Three Quotes

Sometime soon I’ll get a random quote generator on here. In the meantime, here’s a few quotes to ponder for the day.

“Freedom includes the right to say what others may object to and resent… The essence of citizenship is to be tolerant of strong and provocative words.”
— John G. Diefenbaker (1895-1979) Prime Minister of Canada

“Who are a free people? Not those over whom government is exercised, but those who live under a government so constitutionally checked and controlled that proper provision is made against its being otherwise exercised.”
— John Dickenson (1732-1808) Source: Farmer’s Letters, 1767

“Men in authority will always think that criticism of their policies is dangerous. They will always equate their policies with patriotism, and find criticism subversive.”
— Henry Steele Commager (1902-1998) Historian and author Source: Freedom and Order, 1966

Think about them, talk about them.

Security executive, work for Core Security, veteran, kids, dogs, cat, chickens, mortgage, bills. I like #liberty #InfoSec #scotch, #wine, #cigars, #travel, #baseball
  • tkc

    What if the policy is of the type John Dickenson promotes, that of limited goverment? I’m not so sure it is particularly patriotic but if people call for a ‘people’s revolution’ to usurp limited government with their version of a centrally planned eutopia then I am inclined to call it subversive. Is this wrong?

    It reminds me of another quote, “Dissent is the highest form of patriotism.” I’m not always prepared to go along with that one. The dissent must be well reasoned and not some thinly vieled call for a dictatorship. This leads to the sort of thing where the terrorist/insurgents in Iraq are called ‘freedom fighters’ by some. I could not possibly disagree more. The insurgency in Iraq is not some patriotic form of dissent. It is a bloodthirsty grab for tyrannical power. The patriotism of dissent must be qualified by the content of the dissent, not that it merely takes place.

    I think we have to look at the rights and wrongs of declarations of either patriotism or subversion. Patriotism in the name of liberty is not a bad thing and neither is subversion in the face of tyranny.

  • Eric

    Hey TKC, I think it is important to distinguish between censorship, which is the point of what Commager and Diefenbaker are saying, and individual responsibility and beliefs. Also, there is a difference between speech and actions. The terrorists and insurgents in Iraq are taking action that is destructive to the life, liberty and property of other individuals. That sort of action can only be justified in extreme circumstances (see the Declaration of Independence for such a justification). On the other hand, my right to advocate radical marxism, for example, has to be protected or I have lost a piece of my liberty.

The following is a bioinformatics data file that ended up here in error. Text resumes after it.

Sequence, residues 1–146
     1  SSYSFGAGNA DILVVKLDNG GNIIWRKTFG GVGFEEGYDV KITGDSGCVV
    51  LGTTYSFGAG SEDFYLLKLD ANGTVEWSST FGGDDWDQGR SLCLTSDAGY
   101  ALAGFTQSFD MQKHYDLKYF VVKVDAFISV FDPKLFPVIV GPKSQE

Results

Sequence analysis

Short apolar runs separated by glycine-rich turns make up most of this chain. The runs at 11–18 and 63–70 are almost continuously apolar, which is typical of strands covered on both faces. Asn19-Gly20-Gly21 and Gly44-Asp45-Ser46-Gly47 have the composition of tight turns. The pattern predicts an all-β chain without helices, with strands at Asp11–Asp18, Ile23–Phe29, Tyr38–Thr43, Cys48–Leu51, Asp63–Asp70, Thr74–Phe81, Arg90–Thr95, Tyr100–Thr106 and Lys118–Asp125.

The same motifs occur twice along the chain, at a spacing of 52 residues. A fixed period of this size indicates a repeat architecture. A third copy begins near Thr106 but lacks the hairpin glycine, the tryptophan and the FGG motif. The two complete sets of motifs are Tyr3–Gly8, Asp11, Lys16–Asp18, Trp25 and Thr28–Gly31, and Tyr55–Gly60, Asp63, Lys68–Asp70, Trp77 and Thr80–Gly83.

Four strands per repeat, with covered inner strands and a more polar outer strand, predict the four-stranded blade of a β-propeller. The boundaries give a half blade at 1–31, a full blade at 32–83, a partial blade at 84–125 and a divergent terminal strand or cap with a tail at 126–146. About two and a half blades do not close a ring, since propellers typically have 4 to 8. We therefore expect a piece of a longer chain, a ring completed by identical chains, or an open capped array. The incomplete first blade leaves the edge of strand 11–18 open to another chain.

• tkc

    I understand a right to advocate radical marxism must be protected. I’m not advocating censorship. However, since radical marxism almost always results in the destruction of personal property rights, when it moves from advocacy to implementation then I will cry foul. It matters very little to me if my cry of foul is labeled as patriotism or subversion. Just because someone claims patriotism does not make them unassailable. Just because someone is being subversive does not make them wrong. The quality of the action will define the correctness of the action, not merely the word. I’m not trying to make a case for censorship, only that the positive and negative connotations of certain words do not always apply. It is a sort of ‘talk is cheap’ and ‘actions speak volumes’ type of argument. I’ve seen too many instances of people playing word games to defend actions that are deplorable.

    For example, the Founding Fathers were clearly being subversive to the rule of King George. However, most of us will agree that that subversion was justified and we now describe them a patriotic. So when people compare the insurgents in Iraq to the Minutemen of the Revolutionary War I think a terrible disservice has been done whether or not either one is called patriotic or subversive.

    I’m trying to think of a better way to make this point but nothing is coming to mind. Sorry if it seems like I’m rambling.

  • tkc

    Let me try one more ramble.
    Patriotism generally has a positive connotation. Subversion generally has a negative connotation. When patriotism is used to defend the deplorable then the connotation of the word becomes meaningless and the correctness of the actions being taken must be judged by something else. When people deliberately distort the positive and negative connotations of words I think it is an unnecessary debasement of the language. It is usually done to deflect people’s attention away from nefarious goals. I don’t particularly care for this brand of dishonesty.
    So in a round-about way I’m agreeing with Commager.

  • Eric

    Tough, I know.

    I can say whatever I want. I am responsible for the outcome of what I say. Most folks who speak lies and disinformation tend to use “free speech” as a shield against being responsible for their consequences of their speech. This is a larger problem, not just with speech. Before individual rights, there is individual responsibility.

  • Rhymes With Right

    Sad, isn’t it, that Canada has moved so far away from the position set forth by Diefenbakere.

    Try publicly expressing, for example, the idea that homosexuality is immoral if you live in Soviet Kanuckistan. You will be prosecuted and persecuted for the violation of the dignity of homosexuals — and their comments regarding you, your views and (if such is your motive) your religious faith will be considered protected speech.

  • Eric

    Diefenbaker is probably rolling over in his grave on a daily basis, considering how Canada has completely overturned the foundations of Anglo liberty.